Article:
funds granted

UH team lands $4.7M grant for discovery linking origins of two aggressive cancers

A team of researchers out of the University of Houston has secured funding to continue research on aggressive stomach and esophageal cancers. Photo via Getty Images

Frank McKeon, professor of biology and biochemistry and director of the Somatic Stem Cell Center at the University of Houston, will lead a new five-year $4.7 million grant from the National Cancer Institute to advance important findings about aggressive stomach and esophageal cancers.

McKeon and a team of researchers have already uncovered a surprising finding about two types of cancers: stomach and esophagus esophageal adenocarcinoma (EAC) and intestinal gastric cancer (iGC). According to their research, the two cancers have identical precursor stem cells or "cells of origin."

The cells are highly susceptible to mutations, which can cause them to develop into cancerous lesions.

Currently, patients who present these types of lesions struggle with an advanced disease with a low survival rate, according to a statement from UH.

"We anticipate that the identification of these cells will enable drug discovery to pre-empt these cancers at their site of origin,” McKeon said in a statement.

Uncovering this information about the cancers' cells of origin also helps researchers group EAC and iGC as a cluster distinct from other gastric and esophageal cancers.

McKeon will be joined on the project by Wa Xian, research associate professor of biology and biochemistry at UH, and Dr. Jaffer Ajani of MD Anderson Cancer Center.

Xian is an expert in stem cell cloning. The team aims to clone the EAC and iGC precursor legions to better understand the evolution of the cancers as part of their research.

"We anticipate that our studies will provide new insights into the biology and origin of these remarkably similar and widespread cancers, provide datasets essential for prospective early detection screens and yield highly selective therapeutics that eliminate the nascent lesions essential for the evolution of these cancers,” McKeon added in the statement.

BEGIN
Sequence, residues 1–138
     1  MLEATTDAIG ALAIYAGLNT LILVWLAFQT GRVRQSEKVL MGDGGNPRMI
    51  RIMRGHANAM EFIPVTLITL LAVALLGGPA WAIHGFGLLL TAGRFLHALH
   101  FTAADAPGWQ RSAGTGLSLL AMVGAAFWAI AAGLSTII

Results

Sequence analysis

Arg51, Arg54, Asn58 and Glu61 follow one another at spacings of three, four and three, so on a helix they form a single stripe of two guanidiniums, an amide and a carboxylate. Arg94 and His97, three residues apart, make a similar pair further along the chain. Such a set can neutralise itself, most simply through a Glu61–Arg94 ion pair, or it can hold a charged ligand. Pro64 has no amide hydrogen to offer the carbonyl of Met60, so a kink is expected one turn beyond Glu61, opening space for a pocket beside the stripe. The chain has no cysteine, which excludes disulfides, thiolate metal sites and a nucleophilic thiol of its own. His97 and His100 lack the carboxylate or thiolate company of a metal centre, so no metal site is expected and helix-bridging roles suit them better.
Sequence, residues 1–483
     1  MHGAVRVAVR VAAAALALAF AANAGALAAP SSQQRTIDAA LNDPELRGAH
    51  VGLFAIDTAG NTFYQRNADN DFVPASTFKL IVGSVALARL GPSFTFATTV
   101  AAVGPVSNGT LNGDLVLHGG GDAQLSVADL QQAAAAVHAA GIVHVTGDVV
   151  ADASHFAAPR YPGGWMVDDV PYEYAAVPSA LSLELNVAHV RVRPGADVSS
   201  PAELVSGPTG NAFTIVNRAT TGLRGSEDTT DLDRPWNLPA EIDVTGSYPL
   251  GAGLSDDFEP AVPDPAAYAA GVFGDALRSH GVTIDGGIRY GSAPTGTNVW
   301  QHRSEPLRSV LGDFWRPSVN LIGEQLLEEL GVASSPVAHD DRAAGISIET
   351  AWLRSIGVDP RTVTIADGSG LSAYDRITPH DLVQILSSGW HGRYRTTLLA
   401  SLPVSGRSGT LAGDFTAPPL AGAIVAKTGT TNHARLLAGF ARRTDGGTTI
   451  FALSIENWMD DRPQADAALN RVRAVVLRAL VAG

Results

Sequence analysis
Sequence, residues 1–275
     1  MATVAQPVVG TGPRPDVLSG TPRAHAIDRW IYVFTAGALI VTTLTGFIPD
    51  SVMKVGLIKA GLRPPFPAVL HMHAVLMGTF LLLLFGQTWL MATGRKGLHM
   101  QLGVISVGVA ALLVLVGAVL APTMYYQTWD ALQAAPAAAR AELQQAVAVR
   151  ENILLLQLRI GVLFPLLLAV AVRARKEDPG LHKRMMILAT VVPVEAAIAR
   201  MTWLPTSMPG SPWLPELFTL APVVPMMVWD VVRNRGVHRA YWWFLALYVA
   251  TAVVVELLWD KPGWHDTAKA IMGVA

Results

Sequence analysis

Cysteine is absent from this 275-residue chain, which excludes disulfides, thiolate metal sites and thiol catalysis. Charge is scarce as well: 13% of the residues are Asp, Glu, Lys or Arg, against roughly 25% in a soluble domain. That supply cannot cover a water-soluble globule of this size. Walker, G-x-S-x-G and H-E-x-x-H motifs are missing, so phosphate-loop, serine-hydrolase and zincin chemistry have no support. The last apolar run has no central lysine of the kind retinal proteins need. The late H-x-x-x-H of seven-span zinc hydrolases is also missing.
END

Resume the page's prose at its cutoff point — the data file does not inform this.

Other UH researchers have received major grants for cancer-fighting innovations in recent months. Shaun Zhang, director of the Center for Nuclear Receptors and Cell Signaling at the University of Houston and a M.D. Anderson professor in the Department of Biology & Biochemistry, received a $1.8 million grant from the National Institutes of Health to develop a cancer-fighting virus in July.

The nonprofit Cancer Prevention & Research Institute of Texas (CPRIT) also shelled out nearly $22 million in grants to successfully lure nine high-profile cancer researchers to Houston late last year.

Wa Xian (left) research associate professor of biology and biochemistry, with Frank McKeon, professor of biology and biochemistry and director of the Somatic Stem Cell Center at UH. Photo via UH.edu

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